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  • Nov
  • 18

Do AKC Papers Matter?

Posted by at 6:32 AM | Permalink | Comments (25)

murray-croppedThe question came as I was approaching the end of an interview with two morning “radio jocks” discussing Spay Day activities at the animal shelter that I was running at the time.

“But aren’t those papers with the purebreds worth something?” asked the one host, who had earlier indicated that he had a purebred dog.

“Sure,” I responded. “They prove the person holding them is an idiot because they paid hundreds or thousands of dollars to perpetuate a problem when they could have helped an animal and for much less money, received a spayed or neutered puppy or kitten who would make a great lifetime companion.”

The show was almost out of time, so the hosts just repeated the animal shelter’s phone number for the Spay Day information, and I hung up. One of my colleagues, who had been working in open-admission shelters and euthanizing homeless animals for more than 10 years was laughing so hard at my honest comment that I thought he might need medical care. I’m glad he saw the humor in my directness, but this whole issue of “papers” is no laughing matter.

The American Kennel Club (AKC) issues papers that supposedly “register” and “prove” that your dog is a “purebred.” Dogs adopted from animal shelters do not come with these papers, so people mistakenly think that there is something wrong with the millions of healthy, wonderful homeless dogs in need of forever homes–all because of this paper myth.

I recently talked a woman and her daughter into adopting one of the dogs from the shelter where I volunteer instead of going to a breeder as they had planned. The woman’s last question to me was, “And you’re sure that papers don’t matter?” I let her know about a Dateline NBC investigative piece (resulting from a PETA undercover investigation) that reported that dead dogs and even cats had been registered with the AKC as “purebred dogs” and that anyone who pays a fee can register their animals. She nodded, and I explained, “It’s all marketing, and it perpetuates the tragic overpopulation problem so that wonderful dogs like these here are homeless; nothing more.”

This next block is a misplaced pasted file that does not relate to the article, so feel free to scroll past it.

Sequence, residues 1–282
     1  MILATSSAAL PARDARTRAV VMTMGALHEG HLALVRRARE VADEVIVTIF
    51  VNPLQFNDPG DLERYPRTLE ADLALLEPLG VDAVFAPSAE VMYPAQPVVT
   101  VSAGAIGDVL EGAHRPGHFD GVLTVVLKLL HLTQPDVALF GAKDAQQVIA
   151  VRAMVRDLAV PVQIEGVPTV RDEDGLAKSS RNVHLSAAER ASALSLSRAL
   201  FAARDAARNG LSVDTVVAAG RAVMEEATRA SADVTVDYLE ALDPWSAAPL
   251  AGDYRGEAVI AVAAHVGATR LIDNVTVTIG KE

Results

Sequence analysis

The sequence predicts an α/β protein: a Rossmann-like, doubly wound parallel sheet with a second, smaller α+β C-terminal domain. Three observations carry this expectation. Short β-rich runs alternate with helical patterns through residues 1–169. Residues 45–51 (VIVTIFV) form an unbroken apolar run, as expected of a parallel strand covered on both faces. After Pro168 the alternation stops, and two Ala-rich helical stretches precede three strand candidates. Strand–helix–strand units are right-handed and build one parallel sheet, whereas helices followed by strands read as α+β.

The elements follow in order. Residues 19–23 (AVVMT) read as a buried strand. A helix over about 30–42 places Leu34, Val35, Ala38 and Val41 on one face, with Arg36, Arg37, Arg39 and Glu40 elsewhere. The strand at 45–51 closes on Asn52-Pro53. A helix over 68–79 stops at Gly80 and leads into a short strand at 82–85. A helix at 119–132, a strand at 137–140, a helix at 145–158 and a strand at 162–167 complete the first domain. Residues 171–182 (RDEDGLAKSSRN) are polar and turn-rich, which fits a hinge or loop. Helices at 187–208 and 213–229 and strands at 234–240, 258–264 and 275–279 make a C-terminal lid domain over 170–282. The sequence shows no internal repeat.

Now, papers can be used on the floor with a puppy who isn’t yet housetrained, but I can’t think of any reason to have them. Except, perhaps, as historical relics to illustrate a sad period of human greed and animal suffering. What do you think?

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  • Andrea says:

    I adopted a Rottweiler 7 years ago. To this day she has been the most loyal and loving family pet we’ve had. We now struggle with issue of whether its time to put her down. Our vet assures us that with her health issues it’s not going to be long before we have to face life without her. I’ve bought several AKC registered dogs throughout my life but none imprinted on my heart as my rescued baby.

  • Sott says:

    I’m pleased to hear that you supported a chaining ban but don’t find it surprising that you oppose “mandatory spay-neuter.” When local shelters and advocates who don’t sell animals try to institute proven measures that reduce overpopulation, breeders pull out the “oh, not me, it is the irresponsible people who need to be regulated.” Will you support licensing differentials for unspayed animals, with the differential (higher fee) directed to spay-neuter? Mandatory neuter on impound? Do you support regulation of breeders? The breeders should have to pay a fee that covers administration and inspection and also kicks some money into spay-neuter. This would weed out the breeders who don’t meet community standards, and would not only pay for itself but do a social good by supporting spay-neuter. “Concerned” issues rebates, has nvolvement with local shelters, and even supports some good legislation; all businesses do such marketing and community relations. “Concerned” can write me at PETA’s headquarters and shed the hidden identity; PETA has conversations with industry groups all the time. Of course, if your non-negotiable starting point is that breeders don’t need regulation then there isn’t much of a conversation to have.

  • Concerned says:

    Actually, Marta, I am a part of the legislative processes in my state. I am the legislative liason for my dog club. I attend meetings regularly regarding dog laws. The issue is not my inability to see that there is a problem here. And here is another issue…pointing fingers before you ask questions. Had you asked, you might have learned that I helped institute a no-chaining law in my state. I also helped get a bill passed that puts higher penalties on those people who are truely irresponsible with their pets. Higher fines and stiffer sentencing. Creating laws is not the hard part, but putting them into practice is. Who is going to fund the policing of these laws? PETA? I don’t think so. In my state, people are losing their homes daily. People are losing their jobs. Do you think that policing the current dog laws are a high priority in my state right now? I can tell you that it is not. And by the way, I do volunteer at my local shelter. I have also rescued countless dogs from puppymills. I have been a vet tech for 13 years. I don’t need an eye-opener. If you can name it, I have probably seen it.